Exciton physics of halide perovskite nanocrystals
Yoshihiko Kanemitsu a
a Institute for Chemical Research, Kyoto University, Uji, Kyoto 611-0011, Japan
Asia-Pacific International Conference on Perovskite, Organic Photovoltaics and Optoelectronics
Proceedings of International Conference on Perovskite and Organic Photovoltaics and Optoelectronics (IPEROP19)
Kyōto-shi, Japan, 2019 January 27th - 29th
Organizers: Hideo Ohkita, Atsushi Wakamiya and Mohammad Nazeeruddin
Invited Speaker, Yoshihiko Kanemitsu, presentation 051
DOI: https://doi.org/10.29363/nanoge.iperop.2019.051
Publication date: 23rd October 2018

Recently, metal halide perovskite semiconductors are being intensively studied with respect to both fundamental physics and implementation in solution-processed functional devices. While solution-grown bulk single crystals have been employed to reveal the intrinsic optical properties of perovskites [1-4], colloidal synthesis promises further technological advances since this enables preparation of novel perovskite nanocrystals, combining excellent optoelectronic properties with quantum confinement effects. The highly efficient luminescence of the perovskite nanocrystals has a narrow bandwidth and its wavelength can be tuned over the entire visible spectrum. These properties make them particular interesting for display phosphors, light-emitting diodes, lasers, and single photon sources. The successful design of such new optoelectronic devices depends on the detailed knowledge about excitons and excitonic complexes in the nanocrystals. Here, we report on the optical responses of organic-inorganic hybrid and all-inorganic perovskite nanocrystals. Their luminescence quantum yields and the lifetimes of excitons, charged excitons, and biexcitons [5-7] were evaluated by employing femtosecond transient-absorption and single-dot spectroscopy [8-10]. It is shown that both nonradiative Auger ionization and charged surface defects can contribute to the charged exciton generation in perovskite nanocrystals. We discuss the photophysics of the charged excitons, because they determine the device performance of nanocrystal-based light emitters.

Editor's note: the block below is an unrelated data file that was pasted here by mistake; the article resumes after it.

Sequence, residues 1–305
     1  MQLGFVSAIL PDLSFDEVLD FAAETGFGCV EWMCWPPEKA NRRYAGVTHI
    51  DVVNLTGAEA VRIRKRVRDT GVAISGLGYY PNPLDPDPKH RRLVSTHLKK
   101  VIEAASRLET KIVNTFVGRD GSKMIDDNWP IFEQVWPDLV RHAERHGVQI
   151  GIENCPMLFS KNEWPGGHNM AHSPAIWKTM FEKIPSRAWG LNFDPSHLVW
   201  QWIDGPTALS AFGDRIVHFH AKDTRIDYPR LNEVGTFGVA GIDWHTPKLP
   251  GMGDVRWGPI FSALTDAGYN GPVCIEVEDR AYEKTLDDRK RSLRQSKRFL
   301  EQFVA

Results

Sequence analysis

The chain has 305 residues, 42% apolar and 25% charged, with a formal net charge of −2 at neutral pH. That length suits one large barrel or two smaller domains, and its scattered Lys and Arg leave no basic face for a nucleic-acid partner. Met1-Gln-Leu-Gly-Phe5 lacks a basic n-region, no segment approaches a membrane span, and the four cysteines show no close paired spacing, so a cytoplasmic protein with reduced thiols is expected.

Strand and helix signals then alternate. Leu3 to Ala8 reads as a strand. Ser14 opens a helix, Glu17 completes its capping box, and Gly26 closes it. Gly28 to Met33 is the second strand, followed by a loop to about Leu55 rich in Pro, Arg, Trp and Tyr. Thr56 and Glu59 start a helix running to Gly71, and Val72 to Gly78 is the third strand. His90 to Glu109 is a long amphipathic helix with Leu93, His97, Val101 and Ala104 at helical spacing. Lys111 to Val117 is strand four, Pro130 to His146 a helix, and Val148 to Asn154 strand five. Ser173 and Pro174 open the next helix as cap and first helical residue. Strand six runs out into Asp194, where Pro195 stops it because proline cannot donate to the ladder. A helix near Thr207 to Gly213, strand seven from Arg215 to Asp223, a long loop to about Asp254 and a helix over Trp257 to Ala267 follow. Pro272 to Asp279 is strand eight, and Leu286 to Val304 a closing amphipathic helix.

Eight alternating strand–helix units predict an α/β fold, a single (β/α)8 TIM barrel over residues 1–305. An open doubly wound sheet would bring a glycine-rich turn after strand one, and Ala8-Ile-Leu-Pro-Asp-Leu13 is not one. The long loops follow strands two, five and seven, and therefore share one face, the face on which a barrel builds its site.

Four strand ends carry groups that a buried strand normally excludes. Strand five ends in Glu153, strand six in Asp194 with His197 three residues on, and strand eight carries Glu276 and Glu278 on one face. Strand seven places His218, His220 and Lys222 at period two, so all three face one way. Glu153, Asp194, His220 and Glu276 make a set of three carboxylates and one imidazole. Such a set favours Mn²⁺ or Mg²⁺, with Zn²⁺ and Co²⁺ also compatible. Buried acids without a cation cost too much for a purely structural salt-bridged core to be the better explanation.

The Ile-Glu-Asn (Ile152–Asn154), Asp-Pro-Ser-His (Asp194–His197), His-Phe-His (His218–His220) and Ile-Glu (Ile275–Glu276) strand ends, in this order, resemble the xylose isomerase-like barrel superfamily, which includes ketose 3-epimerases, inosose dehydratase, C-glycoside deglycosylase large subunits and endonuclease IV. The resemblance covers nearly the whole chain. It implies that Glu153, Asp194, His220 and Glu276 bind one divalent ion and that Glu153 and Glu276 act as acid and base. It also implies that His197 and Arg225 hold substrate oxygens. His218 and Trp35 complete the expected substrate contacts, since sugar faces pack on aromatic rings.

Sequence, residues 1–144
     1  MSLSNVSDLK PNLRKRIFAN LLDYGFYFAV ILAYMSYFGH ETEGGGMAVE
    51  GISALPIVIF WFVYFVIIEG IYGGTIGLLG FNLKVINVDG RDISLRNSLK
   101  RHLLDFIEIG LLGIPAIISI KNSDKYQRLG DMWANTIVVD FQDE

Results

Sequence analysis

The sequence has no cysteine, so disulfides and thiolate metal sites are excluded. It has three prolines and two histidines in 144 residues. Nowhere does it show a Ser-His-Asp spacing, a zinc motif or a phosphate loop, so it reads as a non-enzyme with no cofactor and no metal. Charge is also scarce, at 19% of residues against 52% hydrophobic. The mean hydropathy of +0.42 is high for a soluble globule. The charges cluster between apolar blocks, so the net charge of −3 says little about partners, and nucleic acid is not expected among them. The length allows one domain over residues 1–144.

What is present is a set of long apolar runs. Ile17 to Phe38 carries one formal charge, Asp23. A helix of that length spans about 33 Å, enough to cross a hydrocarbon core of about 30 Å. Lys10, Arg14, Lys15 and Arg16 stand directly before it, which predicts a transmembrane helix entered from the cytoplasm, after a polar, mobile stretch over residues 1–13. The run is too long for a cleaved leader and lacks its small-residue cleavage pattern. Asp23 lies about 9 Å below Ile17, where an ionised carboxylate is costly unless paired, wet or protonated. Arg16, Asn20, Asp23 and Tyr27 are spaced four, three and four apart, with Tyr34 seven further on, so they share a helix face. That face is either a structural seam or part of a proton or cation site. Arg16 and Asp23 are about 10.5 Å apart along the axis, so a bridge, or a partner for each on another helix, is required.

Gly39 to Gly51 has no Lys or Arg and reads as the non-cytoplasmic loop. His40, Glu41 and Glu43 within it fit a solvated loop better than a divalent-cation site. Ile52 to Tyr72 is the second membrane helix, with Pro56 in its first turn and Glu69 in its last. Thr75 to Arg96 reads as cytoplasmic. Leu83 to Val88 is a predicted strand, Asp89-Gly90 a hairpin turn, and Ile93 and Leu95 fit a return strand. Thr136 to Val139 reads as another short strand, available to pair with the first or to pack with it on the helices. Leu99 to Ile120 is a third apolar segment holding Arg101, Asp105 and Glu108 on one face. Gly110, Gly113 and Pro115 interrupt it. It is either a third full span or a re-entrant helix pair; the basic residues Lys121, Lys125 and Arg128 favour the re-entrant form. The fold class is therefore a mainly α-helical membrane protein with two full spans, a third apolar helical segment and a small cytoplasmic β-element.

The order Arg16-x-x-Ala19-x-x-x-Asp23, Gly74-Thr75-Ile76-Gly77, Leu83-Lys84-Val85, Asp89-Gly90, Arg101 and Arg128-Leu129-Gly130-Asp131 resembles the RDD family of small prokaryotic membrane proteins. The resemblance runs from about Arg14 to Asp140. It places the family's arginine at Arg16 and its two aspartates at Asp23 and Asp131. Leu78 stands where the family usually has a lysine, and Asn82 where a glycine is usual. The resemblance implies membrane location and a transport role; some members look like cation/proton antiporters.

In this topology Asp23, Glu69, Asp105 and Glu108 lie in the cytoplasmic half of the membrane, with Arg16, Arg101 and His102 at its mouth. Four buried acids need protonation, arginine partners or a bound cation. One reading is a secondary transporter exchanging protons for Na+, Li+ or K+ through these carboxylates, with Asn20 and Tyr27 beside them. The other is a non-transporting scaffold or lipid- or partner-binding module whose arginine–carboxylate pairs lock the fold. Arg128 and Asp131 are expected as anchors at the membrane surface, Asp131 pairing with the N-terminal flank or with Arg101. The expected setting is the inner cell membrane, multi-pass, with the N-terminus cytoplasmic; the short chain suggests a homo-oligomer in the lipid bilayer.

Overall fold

The author would like to thank many colleagues for their contributions and discussions. Part of this work was supported by JST-CREST (Grant No. JPMJCR16N3).

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